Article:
Can you do pyrography on glass surface ? | Pyrogravure

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Written by Jared Watson

Jarred Watson is a pyrographer with 10+ years experience and has worked with brands like BOSCH & FORD. He is always looking to learn and share his passion of wood burning with others.

Pyrography is the art of burning designs on wooden surfaces with heated tools. Though this art can be used in many other mediums, people often wonder if it can be practiced on glass. This article mainly focuses on providing information to the readers about whether glass can be used for pyrography and the various suitable mediums on which pyrography can be practiced, as people are not well-aware of the different surfaces appropriate for pyrography.  

Can You Use a Wood Burning Tool on Glass?

Once one has mastered pyrography on wooden surfaces, one often wants to explore new mediums for art. Though, a wood-burning tool cannot be used for doing pyrography on a glass surface. Now one can wonder why a wood-burning tool cannot be used on a glass surface. To understand that, one has to understand the working of a wood-burning tool and the chemistry of glass. 

A wood burning tool is essentially designed to burn designs on the wooden surface, as a result of which a wood burning tool has temperature settings that are appropriate for drawing patterns on wooden surfaces. The nibs of the wood-burning tool are made of such materials and in such a shape that facilitates etching images and patterns on the wooden surface.

It is important to understand a wood-burning tool can be only used to etch designs on surfaces that can be burned. 

Glass is made by melting raw materials such as sand, limestone, soda ash, etc., at high temperatures. The melted raw material is then structurally manipulated into different items. Now, if one tries to burn designs on a glass surface, one is most likely to fail as glass does not burn; it melts or cracks when it comes in contact with heat or fire. 

 As glass is made by melting natural raw materials at very high temperatures, melting a glass item requires very high temperatures. The average melting point of glass that is mostly made of silica sand is 2552 to 2912 degrees Fahrenheit. Such high temperatures can only be reached in industrial settings.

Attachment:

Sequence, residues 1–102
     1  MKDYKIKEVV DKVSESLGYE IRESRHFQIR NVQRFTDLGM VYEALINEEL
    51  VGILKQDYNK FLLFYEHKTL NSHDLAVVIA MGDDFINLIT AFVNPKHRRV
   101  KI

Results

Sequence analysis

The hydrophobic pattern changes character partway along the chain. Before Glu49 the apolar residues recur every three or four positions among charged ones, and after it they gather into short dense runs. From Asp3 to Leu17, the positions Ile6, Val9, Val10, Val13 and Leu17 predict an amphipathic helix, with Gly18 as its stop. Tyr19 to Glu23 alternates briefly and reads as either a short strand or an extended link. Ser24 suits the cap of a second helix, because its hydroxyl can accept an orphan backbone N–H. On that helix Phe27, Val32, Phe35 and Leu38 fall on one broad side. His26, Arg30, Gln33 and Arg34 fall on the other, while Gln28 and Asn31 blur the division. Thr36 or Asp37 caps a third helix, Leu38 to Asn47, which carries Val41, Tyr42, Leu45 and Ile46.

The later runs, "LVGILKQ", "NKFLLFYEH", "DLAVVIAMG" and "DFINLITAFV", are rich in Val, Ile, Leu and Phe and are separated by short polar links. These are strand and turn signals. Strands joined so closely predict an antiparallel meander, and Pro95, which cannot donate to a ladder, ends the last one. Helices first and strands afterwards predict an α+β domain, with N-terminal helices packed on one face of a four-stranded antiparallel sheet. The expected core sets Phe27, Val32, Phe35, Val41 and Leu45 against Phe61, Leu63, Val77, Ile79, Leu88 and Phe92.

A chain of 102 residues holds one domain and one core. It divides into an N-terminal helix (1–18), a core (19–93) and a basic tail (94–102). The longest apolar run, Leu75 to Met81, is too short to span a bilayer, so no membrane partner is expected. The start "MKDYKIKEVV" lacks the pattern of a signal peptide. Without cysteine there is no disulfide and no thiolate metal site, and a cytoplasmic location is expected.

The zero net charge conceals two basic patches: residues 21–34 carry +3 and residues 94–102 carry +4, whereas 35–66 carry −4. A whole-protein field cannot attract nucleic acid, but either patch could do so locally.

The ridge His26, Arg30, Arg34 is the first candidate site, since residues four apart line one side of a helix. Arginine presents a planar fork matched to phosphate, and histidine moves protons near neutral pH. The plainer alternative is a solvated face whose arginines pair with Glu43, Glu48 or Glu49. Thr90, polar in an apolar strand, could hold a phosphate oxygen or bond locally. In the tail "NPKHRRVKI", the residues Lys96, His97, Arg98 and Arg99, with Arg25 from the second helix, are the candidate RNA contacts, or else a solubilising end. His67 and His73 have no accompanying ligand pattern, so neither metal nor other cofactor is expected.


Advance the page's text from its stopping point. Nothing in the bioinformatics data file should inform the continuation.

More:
At the same time, a wood-burning tool can reach a maximum temperature of 574 to 950 degrees Fahrenheit which is not even close to the temperature that is required for melting glass. The temperature for melting glass also depends on the composition of the glass, which has varied accordingly. 

It must be noted that attempting to do pyrography on a glass surface with a wood-burning tool can result in health hazards as well as other accidents. Different glasses have different compositions. Glasses such as acrylic glass, plexiglass, etc., are made of harmful and toxic chemicals. If such types of glasses come in contact with the heat, the smoke produced might contain these toxic chemicals, which, if inhaled, can cause serious respiratory problems. 

As we know that glass does not burn it melts, which requires a high temperature. This only happens when the heat is provided evenly and at a steady pace. If the heat is applied unevenly and quickly, the glass will crack, which can injure the one heating the glass. 

If one wants to do something creative with glass, one can go for acids that are made to melt glass, though one has to be careful while using the acids and needs to take proper precautions like wearing the correct protective gear. A rotary grinding tool can also be used. However, such tools are very expensive and cannot be used at a home-based workstation.